Not a Member?  Become One Today!

Exercising Discretion in Funding Plan Does Not Give Employer Fiduciary Status

By Emily J. Gelhaus  6/26/2014
Copyright Image Permissions

Morgan Stanley wasn’t acting as a fiduciary under the Employee Retirement Income Security Act (ERISA) when it decided to fund the company's retirement plans with employer stock rather than cash, according to the 2nd U.S. Circuit Court of Appeals.

Morgan Stanley had established a defined contribution retirement plan for its employees. The company was not the designated plan administrator or fiduciary. In January of 2007 and 2008, Morgan Stanley chose to make its employer contributions to the plan in the form of Morgan Stanley company stock instead of cash. The plan expressly permitted Morgan Stanley to choose between stock or cash payments. Between Dec. 14, 2007 and Feb. 6, 2008, Morgan Stanley’s stock prices plummeted in conjunction with the broader economic downturn.

Five employees brought suit under ERISA against Morgan Stanley to recover the losses suffered as a result of the drop of Morgan Stanley’s stock price. They argued that Morgan Stanley breached its fiduciary duty under ERISA by failing to act with prudence when it opted to change its contributions from cash to stock options. Morgan Stanley argued that it was not a fiduciary because it was not a plan administrator and because it did not exercise discretionary authority over most of the plan. The New York federal district court granted Morgan Stanley’s motion to dismiss. The 2nd Circuit agreed with the dismissal, concluding that Morgan Stanley owed no fiduciary duty to the plaintiffs.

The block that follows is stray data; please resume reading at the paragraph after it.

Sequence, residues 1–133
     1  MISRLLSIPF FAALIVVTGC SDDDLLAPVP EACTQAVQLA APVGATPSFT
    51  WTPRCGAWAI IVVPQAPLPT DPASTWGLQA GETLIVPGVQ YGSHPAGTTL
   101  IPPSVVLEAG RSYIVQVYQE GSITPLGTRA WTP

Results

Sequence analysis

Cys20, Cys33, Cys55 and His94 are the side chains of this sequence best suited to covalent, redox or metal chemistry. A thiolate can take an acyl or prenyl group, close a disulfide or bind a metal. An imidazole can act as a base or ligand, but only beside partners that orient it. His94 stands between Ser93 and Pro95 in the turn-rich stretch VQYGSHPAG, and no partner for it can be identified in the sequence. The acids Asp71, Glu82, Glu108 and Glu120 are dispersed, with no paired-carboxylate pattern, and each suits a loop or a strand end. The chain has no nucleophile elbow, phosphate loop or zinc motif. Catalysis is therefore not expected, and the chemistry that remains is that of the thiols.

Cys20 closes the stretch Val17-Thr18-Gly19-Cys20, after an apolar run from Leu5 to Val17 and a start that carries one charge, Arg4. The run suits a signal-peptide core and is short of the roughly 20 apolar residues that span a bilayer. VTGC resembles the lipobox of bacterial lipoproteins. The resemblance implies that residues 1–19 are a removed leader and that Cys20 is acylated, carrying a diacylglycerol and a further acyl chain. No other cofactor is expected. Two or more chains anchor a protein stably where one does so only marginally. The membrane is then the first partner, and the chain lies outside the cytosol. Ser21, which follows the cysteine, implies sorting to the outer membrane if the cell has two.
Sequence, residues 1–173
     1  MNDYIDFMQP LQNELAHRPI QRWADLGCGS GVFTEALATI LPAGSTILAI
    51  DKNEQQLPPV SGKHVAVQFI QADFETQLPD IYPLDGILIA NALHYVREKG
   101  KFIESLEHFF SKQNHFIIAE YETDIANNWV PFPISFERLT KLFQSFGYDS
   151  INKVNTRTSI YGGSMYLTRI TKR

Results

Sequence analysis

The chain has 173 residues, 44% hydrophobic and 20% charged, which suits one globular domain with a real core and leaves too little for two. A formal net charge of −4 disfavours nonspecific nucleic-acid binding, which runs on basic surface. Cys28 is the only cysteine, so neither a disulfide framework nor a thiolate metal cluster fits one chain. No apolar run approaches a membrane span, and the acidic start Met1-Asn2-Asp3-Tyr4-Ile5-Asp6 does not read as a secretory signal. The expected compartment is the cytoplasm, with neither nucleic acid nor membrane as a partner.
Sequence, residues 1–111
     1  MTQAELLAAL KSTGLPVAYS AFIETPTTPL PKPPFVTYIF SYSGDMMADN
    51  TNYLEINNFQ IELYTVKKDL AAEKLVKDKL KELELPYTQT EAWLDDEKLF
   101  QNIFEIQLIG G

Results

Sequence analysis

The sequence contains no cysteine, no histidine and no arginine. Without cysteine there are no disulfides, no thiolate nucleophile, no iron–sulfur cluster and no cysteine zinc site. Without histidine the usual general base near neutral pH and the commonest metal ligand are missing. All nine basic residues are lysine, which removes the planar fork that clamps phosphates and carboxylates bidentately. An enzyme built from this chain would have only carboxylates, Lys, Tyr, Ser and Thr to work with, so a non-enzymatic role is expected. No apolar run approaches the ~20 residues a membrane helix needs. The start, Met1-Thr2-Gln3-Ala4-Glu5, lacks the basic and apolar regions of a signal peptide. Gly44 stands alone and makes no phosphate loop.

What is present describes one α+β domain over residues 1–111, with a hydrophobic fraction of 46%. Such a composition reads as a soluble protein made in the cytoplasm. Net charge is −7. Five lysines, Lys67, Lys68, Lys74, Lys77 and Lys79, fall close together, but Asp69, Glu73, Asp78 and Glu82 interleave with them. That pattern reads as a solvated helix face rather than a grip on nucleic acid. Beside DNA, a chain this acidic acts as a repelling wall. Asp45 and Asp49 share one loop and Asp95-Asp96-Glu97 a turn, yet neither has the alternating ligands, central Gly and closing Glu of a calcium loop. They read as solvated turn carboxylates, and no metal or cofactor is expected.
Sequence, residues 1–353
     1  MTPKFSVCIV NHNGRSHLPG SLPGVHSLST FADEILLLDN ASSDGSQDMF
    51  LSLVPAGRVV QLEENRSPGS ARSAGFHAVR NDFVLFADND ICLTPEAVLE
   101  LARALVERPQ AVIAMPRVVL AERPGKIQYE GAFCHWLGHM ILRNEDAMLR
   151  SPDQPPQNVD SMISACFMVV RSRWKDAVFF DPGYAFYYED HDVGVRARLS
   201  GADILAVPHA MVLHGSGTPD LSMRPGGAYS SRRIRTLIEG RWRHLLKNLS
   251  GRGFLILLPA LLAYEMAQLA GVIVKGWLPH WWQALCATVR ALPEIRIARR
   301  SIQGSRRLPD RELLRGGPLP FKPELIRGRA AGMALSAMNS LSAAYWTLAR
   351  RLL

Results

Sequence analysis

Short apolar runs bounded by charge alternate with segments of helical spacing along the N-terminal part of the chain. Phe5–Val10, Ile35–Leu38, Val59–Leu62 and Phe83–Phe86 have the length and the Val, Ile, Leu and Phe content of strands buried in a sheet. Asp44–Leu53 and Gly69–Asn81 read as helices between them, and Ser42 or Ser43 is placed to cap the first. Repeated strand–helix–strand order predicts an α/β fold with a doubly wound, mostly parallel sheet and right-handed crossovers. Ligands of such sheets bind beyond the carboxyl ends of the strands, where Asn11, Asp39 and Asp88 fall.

The 2nd Circuit held that mere exercise of discretion about funding a plan does not make an employer a fiduciary under ERISA; rather, the discretion must be exercised with respect to plan management or administration. Because Morgan Stanley only exercised discretion with plan funding–deciding to change from cash to stock contributions–and did not exercise any discretion with plan management or administration, it was not a fiduciary.

Coulter v. Morgan Stanley & Co., 2nd Cir., Nos. 13-2504, 13-2509 (May 29, 2014).

Professional Pointer: Employers need to exercise caution when making decisions about employee retirement plans so they do not unintentionally assume fiduciary status.

Emily J. Gelhaus is an attorney with Denlinger, Rosenthal & Greenberg Co, L.P.A., the Worklaw® Network member firm in Cincinnati, Ohio.  

Copyright Image Permissions


Swipe for more!